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Asbury Lab (UW Physiology & Biophysics)
We are developing in vitro (cell free) motility assays using purified spindle components and bringing advanced biophysical techniques to the study of mitosis. Single molecule techniques have uncovered the working principles of classic motor proteins such as myosin, kinesin, and ATP synthase (responsible for muscle contraction, intracellular transport, and energy metabolism, respectively). However, these powerful techniques have scarcely been used to study the mitotic machinery. 

Biggins Lab (FHCRC Basic Science)
Chromosome segregation is directed by the kinetochore, a protein structure that assembles at a single site on each chromosome. We are studying the assembly and function of kinetochores, and the roles of certain genes that regulate kinetochores. We also study other aspects of chromosome segregation such as mitotic spindle assembly and spindle positioning, in order to better understand the multiple mechanisms that ensure cells get the right number of chromosomes. We use budding yeast as a model system because chromosome segregation is a highly conserved process.

Davis Lab (UW Biochemistry)
Much of our work focuses on yeast, where we have a nearly complete parts lists for the kinetochore and the spindle pole body, which is the functional equivalent of the centrosome. We use a wide range of approaches including genetic analyses, quantitative microscopy, biochemical assays and computational modeling. We are exploiting our ability to manipulate yeast genes at will to define the properties of the spindle pole body, which is the functional equivalent of the centrosome this central and essential organizer. We also apply what we learn in yeast to analyze the centrosomal and chromosomal abnormalities that occur in human carcinomas. We are studying the kinetochore as a molecular machine.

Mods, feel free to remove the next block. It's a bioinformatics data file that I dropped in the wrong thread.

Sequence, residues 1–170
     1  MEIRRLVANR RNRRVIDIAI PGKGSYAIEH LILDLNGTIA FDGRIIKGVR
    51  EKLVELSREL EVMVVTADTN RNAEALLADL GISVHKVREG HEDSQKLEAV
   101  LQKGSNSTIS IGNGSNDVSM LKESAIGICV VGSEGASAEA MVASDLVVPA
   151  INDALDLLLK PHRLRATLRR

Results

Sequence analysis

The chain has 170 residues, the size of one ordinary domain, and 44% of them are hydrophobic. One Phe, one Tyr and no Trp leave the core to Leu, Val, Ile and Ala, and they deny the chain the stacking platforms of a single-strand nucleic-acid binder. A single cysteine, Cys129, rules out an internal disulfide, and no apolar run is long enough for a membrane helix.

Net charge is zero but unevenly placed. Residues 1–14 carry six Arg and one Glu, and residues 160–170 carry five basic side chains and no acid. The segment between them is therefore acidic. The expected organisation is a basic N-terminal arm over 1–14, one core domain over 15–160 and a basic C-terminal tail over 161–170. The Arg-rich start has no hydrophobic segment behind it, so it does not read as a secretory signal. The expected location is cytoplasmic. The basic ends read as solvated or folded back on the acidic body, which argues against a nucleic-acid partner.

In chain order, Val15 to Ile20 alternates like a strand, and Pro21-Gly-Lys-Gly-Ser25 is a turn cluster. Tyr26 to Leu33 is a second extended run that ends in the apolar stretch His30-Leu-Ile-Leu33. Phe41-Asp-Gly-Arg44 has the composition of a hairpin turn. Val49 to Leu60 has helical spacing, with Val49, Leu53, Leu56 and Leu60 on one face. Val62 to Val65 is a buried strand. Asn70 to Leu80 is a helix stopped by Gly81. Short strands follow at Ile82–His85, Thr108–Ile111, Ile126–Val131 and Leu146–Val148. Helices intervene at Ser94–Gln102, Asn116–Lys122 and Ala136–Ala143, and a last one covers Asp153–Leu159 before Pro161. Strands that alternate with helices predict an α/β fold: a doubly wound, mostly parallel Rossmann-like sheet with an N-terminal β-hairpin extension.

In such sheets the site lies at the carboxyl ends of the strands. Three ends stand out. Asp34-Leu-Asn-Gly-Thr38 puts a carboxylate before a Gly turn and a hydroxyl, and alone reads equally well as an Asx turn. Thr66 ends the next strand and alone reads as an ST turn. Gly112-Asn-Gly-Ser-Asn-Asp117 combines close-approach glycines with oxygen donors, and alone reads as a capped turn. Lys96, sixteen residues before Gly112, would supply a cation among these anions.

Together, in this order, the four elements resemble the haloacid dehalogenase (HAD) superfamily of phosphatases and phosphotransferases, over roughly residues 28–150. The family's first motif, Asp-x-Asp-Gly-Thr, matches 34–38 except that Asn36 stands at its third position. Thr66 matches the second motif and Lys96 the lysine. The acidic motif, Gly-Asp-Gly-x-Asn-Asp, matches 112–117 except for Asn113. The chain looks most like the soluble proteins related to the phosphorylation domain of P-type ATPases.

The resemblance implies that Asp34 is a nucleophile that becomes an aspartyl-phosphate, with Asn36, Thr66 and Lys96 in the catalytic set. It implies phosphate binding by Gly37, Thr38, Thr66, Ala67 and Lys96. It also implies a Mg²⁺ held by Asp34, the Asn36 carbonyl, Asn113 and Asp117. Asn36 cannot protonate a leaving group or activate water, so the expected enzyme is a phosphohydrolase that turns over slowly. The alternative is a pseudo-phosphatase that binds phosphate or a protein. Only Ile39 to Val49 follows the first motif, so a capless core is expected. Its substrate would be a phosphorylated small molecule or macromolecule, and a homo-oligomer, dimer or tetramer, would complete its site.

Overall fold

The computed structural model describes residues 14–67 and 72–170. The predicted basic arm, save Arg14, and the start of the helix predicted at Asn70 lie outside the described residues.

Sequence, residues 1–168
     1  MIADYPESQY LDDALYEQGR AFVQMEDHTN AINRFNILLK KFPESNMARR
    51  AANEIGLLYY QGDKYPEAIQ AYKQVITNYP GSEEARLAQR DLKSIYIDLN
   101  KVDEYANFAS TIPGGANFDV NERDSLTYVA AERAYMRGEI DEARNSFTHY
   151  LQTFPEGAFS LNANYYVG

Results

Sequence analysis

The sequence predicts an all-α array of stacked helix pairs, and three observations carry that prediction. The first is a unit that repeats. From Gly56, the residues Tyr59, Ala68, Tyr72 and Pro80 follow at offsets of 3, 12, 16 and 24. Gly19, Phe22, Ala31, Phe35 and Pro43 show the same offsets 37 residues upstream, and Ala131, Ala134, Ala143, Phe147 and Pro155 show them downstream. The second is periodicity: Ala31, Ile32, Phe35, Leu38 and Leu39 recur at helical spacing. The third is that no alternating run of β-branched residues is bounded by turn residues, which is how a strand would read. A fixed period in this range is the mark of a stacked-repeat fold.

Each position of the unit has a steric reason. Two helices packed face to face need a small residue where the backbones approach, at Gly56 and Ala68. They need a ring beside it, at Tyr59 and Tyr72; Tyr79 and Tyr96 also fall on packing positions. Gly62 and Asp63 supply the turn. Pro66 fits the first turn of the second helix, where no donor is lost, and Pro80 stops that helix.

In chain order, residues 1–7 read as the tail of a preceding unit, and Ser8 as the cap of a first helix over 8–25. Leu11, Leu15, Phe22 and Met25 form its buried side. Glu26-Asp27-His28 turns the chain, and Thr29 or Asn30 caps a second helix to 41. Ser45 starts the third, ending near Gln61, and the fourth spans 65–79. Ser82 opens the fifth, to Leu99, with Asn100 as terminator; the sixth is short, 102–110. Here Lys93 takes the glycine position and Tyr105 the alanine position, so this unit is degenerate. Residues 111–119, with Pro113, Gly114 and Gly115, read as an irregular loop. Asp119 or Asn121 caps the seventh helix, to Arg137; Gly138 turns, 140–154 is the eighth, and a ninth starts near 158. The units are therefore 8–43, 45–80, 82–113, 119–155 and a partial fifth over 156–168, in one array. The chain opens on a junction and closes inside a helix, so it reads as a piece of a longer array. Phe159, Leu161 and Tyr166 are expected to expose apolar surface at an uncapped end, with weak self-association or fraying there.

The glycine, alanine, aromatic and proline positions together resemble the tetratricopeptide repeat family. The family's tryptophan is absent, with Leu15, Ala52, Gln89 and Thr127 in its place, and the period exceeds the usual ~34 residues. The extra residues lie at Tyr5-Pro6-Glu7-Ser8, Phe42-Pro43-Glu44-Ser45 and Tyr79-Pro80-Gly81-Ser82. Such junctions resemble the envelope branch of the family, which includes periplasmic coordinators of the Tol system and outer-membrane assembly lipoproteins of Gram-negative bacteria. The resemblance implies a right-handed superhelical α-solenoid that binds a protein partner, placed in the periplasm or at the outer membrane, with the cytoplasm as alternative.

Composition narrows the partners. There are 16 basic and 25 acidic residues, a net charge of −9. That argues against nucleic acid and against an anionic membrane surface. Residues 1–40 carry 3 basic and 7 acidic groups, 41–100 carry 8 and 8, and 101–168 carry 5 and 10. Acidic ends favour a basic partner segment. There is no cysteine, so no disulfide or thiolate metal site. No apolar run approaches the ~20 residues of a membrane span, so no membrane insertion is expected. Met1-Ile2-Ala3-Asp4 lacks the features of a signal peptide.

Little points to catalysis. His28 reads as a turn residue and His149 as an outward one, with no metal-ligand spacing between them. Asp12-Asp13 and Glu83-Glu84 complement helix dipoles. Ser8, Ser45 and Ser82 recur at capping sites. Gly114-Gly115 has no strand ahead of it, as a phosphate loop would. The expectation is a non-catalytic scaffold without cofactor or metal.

Shimamura Lab (FHCRC Clinical Research)
Our research interests are centered on understanding the molecular mechanisms contributing to hematopoiesis and tumorigenesis with the goal of extending basic research insights to the development of rationally designed therapeutic strategies.  We have focused on the inherited marrow failure syndromes, which provide unique insights into novel molecular pathways contributing to hematopoietic failure and malignant transformation.  Our research program extends from basic scientific studies of hematopoiesis and malignant transformation to clinical studies.  We utilize a wide range of approaches including molecular and cellular biology techniques, biochemistry, viral vectors, high-throughput screening assays, hematopoiesis assays, and mouse genetic models.

Wordeman Lab (UW Physiology & Biophysics)
Our lab studies an unusual class of kinesin-related motor proteins: the Kinesin-13 family or microtubule depolymerizing kinesins. This family comprises three unique genes in mammals: Kif2A, Kif2B and Kif2C/MCAK or Mitotic Centromere Associated Kinesin. Our research ranges from structural and molecular mutational analysis, in vitro live imaging to cellular and developmental behavior especially during cell division. The big picture is to understand how microtubule behavior is regulated to modulate cell shape, cell division and cell motility.



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